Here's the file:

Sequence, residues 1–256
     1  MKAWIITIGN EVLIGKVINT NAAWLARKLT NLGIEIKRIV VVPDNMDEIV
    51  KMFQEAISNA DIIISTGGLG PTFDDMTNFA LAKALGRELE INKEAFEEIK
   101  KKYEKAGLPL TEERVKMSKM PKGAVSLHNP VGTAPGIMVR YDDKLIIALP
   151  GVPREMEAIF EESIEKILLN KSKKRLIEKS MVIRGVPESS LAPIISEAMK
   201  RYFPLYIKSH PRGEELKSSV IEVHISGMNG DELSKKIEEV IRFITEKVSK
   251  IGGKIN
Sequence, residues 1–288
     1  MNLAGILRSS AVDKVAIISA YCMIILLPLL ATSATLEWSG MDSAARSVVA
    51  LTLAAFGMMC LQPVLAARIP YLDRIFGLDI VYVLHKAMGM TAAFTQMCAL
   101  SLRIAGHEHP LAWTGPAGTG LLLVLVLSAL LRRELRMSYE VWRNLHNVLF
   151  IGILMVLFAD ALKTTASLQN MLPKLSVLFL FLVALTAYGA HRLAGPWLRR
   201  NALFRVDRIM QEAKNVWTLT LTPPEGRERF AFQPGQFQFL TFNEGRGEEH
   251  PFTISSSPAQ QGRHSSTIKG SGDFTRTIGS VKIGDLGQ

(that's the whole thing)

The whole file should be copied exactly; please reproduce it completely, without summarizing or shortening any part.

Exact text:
Sequence, residues 1–256
     1  MKAWIITIGN EVLIGKVINT NAAWLARKLT NLGIEIKRIV VVPDNMDEIV
    51  KMFQEAISNA DIIISTGGLG PTFDDMTNFA LAKALGRELE INKEAFEEIK
   101  KKYEKAGLPL TEERVKMSKM PKGAVSLHNP VGTAPGIMVR YDDKLIIALP
   151  GVPREMEAIF EESIEKILLN KSKKRLIEKS MVIRGVPESS LAPIISEAMK
   201  RYFPLYIKSH PRGEELKSSV IEVHISGMNG DELSKKIEEV IRFITEKVSK
   251  IGGKIN
Sequence, residues 1–288
     1  MNLAGILRSS AVDKVAIISA YCMIILLPLL ATSATLEWSG MDSAARSVVA
    51  LTLAAFGMMC LQPVLAARIP YLDRIFGLDI VYVLHKAMGM TAAFTQMCAL
   101  SLRIAGHEHP LAWTGPAGTG LLLVLVLSAL LRRELRMSYE VWRNLHNVLF
   151  IGILMVLFAD ALKTTASLQN MLPKLSVLFL FLVALTAYGA HRLAGPWLRR
   201  NALFRVDRIM QEAKNVWTLT LTPPEGRERF AFQPGQFQFL TFNEGRGEEH
   251  PFTISSSPAQ QGRHSSTIKG SGDFTRTIGS VKIGDLGQ